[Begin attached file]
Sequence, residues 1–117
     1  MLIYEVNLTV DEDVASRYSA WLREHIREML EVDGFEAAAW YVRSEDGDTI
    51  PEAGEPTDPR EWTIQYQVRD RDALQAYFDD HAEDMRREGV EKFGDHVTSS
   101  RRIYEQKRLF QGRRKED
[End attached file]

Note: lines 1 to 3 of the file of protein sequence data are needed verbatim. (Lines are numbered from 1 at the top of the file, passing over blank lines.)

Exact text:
Sequence, residues 1–117
     1  MLIYEVNLTV DEDVASRYSA WLREHIREML EVDGFEAAAW YVRSEDGDTI
    51  PEAGEPTDPR EWTIQYQVRD RDALQAYFDD HAEDMRREGV EKFGDHVTSS